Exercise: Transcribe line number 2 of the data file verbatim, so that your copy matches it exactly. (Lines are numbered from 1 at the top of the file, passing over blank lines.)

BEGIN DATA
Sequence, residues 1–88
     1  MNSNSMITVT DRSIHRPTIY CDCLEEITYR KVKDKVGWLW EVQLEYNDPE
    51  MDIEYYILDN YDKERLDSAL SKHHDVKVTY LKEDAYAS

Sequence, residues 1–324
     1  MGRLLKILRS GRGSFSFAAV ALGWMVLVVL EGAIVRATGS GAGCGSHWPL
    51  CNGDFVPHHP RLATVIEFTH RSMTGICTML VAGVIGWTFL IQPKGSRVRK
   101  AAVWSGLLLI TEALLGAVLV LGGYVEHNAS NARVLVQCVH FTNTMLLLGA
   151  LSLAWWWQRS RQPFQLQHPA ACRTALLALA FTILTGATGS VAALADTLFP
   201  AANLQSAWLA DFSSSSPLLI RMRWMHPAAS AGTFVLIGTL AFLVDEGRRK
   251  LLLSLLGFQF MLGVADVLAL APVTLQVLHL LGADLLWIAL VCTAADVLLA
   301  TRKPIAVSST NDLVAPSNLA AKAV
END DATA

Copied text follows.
     1  MNSNSMITVT DRSIHRPTIY CDCLEEITYR KVKDKVGWLW EVQLEYNDPE